A wireless, implantable and fully internal device for optogenetic (light-mediated) manipulations of mouse neural circuits is reported in a study published online this week in Nature Methods. The tool is made of readily available materials and was used to modulate walking behavior, pain perception and gene expression through the light-induced activation of different neural circuits.
Optogenetics allows the precise stimulation of specific cell types (usually neurons) that have been genetically sensitized to light. When studying the function of neural circuits in freely behaving animals using optogenetics, it is important that the light delivery device does not restrict these behaviors. Similarly, optogenetic access to neurons in the extremities requires small, light-weight light sources.
Ada Poon and colleagues developed implantable light sources that weigh 20-50 mg and are therefore significantly smaller and lighter than previously described devices. They can be implanted into the mouse brain or close to target neurons in the animal’s leg or spinal cord. These devices are powered wirelessly and use a blue LED to generate sufficient light intensity to stimulate cells that have been genetically engineered to respond to light and induce neural activity in desired neural populations.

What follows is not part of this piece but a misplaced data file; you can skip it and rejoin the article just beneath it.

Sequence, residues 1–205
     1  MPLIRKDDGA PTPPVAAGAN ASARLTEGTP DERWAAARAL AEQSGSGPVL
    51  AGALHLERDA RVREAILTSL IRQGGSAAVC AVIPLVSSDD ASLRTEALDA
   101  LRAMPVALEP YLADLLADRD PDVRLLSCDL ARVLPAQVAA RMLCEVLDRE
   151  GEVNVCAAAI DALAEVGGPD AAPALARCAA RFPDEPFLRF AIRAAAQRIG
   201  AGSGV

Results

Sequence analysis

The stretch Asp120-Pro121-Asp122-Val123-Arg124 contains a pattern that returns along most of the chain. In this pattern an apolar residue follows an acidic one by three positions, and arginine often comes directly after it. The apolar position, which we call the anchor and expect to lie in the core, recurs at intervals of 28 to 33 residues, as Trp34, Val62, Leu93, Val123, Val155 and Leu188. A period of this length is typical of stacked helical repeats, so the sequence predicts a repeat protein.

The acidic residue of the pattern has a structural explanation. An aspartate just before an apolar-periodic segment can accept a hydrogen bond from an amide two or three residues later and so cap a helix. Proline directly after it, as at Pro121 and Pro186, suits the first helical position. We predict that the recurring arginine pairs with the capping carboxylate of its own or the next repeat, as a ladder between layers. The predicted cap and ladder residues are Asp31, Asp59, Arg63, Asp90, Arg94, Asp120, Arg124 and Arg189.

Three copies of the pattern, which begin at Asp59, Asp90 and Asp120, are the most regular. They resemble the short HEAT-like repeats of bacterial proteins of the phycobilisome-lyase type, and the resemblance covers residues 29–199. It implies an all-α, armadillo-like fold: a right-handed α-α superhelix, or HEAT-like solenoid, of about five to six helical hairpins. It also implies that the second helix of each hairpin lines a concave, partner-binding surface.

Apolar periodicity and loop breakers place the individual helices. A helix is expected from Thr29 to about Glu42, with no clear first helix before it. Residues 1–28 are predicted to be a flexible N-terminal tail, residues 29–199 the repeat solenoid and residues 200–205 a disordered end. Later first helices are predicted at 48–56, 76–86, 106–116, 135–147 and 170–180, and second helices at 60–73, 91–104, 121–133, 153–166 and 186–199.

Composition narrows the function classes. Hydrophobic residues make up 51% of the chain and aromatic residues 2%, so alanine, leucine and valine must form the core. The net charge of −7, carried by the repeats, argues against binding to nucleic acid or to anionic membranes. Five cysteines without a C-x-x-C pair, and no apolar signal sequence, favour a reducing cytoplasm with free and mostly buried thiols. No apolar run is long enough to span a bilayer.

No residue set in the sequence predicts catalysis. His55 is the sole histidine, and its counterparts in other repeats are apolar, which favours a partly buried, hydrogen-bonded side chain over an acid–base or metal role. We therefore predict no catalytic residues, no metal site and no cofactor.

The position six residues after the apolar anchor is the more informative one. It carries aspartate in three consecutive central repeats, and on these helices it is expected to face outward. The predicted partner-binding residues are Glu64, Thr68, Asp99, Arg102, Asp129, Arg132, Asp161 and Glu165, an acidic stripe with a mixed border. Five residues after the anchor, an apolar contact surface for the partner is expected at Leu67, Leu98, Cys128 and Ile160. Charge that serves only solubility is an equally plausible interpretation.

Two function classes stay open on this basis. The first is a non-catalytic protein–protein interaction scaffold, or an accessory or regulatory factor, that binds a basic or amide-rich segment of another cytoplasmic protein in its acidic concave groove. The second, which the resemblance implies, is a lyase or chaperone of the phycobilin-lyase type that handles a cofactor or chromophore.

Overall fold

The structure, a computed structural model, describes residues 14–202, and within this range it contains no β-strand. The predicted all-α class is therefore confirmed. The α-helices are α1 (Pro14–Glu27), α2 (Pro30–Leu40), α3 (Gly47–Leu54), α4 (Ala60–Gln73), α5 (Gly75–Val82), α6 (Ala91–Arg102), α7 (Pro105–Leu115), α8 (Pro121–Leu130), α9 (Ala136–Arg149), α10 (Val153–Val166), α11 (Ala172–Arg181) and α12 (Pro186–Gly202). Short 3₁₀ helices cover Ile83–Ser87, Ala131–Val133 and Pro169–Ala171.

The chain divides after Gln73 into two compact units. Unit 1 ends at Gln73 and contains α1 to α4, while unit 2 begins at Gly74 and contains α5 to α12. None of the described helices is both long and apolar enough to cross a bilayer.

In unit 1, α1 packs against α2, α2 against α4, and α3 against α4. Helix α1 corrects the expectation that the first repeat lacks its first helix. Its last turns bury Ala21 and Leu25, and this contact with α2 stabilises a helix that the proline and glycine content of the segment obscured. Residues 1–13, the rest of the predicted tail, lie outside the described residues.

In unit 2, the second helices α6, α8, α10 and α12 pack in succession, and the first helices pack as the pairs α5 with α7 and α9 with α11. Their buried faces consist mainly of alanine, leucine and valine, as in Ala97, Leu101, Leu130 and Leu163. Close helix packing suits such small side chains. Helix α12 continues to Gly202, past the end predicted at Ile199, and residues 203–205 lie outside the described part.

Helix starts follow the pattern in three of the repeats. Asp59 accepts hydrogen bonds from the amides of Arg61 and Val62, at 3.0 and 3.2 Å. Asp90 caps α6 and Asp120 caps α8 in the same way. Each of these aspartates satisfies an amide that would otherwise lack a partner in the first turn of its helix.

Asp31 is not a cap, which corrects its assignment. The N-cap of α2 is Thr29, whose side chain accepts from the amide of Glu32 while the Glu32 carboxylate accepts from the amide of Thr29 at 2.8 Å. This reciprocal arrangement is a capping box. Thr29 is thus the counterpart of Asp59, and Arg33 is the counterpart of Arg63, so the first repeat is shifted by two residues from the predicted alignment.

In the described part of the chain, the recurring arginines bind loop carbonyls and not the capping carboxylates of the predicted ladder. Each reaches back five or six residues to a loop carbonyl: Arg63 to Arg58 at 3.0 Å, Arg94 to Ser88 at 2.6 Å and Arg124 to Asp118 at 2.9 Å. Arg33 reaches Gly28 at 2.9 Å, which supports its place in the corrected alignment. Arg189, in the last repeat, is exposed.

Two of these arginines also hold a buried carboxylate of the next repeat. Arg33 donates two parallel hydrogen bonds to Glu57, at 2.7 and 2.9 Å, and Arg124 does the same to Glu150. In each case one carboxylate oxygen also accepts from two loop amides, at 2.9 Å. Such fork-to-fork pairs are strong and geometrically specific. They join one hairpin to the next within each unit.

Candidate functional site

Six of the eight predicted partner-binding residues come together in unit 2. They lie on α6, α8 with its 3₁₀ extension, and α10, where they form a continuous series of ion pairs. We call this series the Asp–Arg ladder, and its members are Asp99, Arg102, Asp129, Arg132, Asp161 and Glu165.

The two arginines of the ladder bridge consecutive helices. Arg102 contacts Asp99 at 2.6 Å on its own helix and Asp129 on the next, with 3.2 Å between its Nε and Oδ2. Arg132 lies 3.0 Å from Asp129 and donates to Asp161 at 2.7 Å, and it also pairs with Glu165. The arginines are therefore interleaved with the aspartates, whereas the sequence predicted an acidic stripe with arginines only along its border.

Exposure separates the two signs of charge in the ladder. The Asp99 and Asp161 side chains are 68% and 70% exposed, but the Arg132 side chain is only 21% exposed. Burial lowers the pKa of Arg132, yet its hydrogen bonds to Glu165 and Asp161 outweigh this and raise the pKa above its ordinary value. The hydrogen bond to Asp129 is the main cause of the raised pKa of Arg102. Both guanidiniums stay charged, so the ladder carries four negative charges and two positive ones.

Due to their small size, these devices should open up new avenues in behavioral neuroscience as they allow for long-term manipulations of neural activity. In addition, neural circuits that have previously not been accessible to optogenetic approaches because the light-delivery devices were too bulky may now become amenable.